The ECB said it may buy bonds with maturities as long as three years. Europe’s central bank said it planned to sterilize its bonds purchases, taking out as much liquidity as it injects, while the Fed announced unsterilized debt purchases, which increase the nation’s money supply.
Frustrated by the slow pace of the U.S. recovery, Fed Chairman Ben S. Bernanke announced Sept. 13 that the central bank would likely keep rates at a record low and purchase $40 billion of mortgage bonds per month in a third round of so called quantitative easing, or QE3, until the jobs market shows “sustained improvement.” The Fed is mandated to maintain price stability and full employment.
Intercontinental Exchange Inc.’s Dollar Index, tracking the greenback against six major U.S. trading partners, declined to 78.601 on Sept. 14, the lowest since February.
“The Fed’s action to take their dual mandate that much more seriously in pursuit of additional measures was enormous,” Alan Ruskin, global head of Group-of-10 foreign-exchange strategy at Deutsche Bank AG in New York, said in a telephone interview. “It was one of the more substantive moves I’ve seen from the Fed in the last 30 years.”
Expansion of America’s gross domestic product is forecast to slow to 2.1 percent in 2013 from 2.2 percent this year, according to the median estimate of economists surveyed by Bloomberg. The unemployment rate dropped to 8.1 percent in August as Americans exited the workforce. The rate hasn’t been less than 8 percent since January 2009.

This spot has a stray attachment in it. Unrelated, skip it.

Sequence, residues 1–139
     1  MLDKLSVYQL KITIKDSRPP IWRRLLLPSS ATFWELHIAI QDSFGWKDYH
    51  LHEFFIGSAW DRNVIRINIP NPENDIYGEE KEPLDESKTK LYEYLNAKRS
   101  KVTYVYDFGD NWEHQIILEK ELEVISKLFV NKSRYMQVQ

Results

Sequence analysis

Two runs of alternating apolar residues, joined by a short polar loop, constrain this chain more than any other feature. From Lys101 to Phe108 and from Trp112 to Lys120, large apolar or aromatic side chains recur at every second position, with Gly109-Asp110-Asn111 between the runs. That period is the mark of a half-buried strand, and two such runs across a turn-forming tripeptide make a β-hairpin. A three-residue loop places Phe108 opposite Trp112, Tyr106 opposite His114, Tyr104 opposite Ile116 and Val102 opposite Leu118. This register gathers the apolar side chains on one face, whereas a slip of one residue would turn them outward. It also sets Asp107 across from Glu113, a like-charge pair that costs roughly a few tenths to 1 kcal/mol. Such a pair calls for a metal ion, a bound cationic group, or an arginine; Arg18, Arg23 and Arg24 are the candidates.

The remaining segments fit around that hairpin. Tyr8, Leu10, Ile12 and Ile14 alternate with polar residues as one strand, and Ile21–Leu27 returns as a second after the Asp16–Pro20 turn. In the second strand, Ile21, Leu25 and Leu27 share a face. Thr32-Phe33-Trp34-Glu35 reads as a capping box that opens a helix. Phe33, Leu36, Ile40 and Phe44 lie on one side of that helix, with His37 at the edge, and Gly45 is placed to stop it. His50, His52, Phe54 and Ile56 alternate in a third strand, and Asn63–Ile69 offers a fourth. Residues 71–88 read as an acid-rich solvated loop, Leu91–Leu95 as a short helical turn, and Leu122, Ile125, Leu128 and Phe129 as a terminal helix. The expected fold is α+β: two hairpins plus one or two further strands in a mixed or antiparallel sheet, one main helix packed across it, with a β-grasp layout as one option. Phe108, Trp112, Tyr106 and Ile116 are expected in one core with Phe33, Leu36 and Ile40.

“With Europe, we get talk about removing tail risks,” or potential crisis, Noel Hebert, chief investment officer at Bethlehem, Pennsylvania-based Concannon Wealth Management LLC, which oversees about $250 million, said in a telephone interview. “Bernanke actually opened up the pocket book again. He’s actively expanding the money supply, debasing the currency.”
Growing risk for Japan’s economy to shrink this quarter and the failure of central bank loosening to dislodge deflation may increase pressure for officials to ease at either of two meetings next month.
Signs that a global slowdown is undermining a Japanese recovery prompted the central bank to unexpectedly expand its asset-purchase fund this month. BOJ Governor Masaaki Shirakawa and his colleagues gather to set policy twice next month, on Oct. 4-5 and Oct. 30, with Deputy Governor Hirohide Yamaguchi saying last week that the bank will take “bold steps” if necessary.
“The growth data is disconcertingly weak,” Deutsche’s Ruskin said. “Even the Bank of Japan tried to surprise” markets through further easing, he said.
China is scheduled to release its manufacturing purchasing managers index tomorrow, with economists surveyed by Bloomberg News predicting a reading of 50, the level that divides contraction from expansion. Fitch Ratings lowered its forecast for growth in China this year, citing a “deteriorating global growth outlook.” The credit rating company predicts China’s economy will expand 7.8 percent, compared with an earlier estimate of 8 percent.
The yuan strengthened 1.1 percent this quarter to 6.2847 per dollar.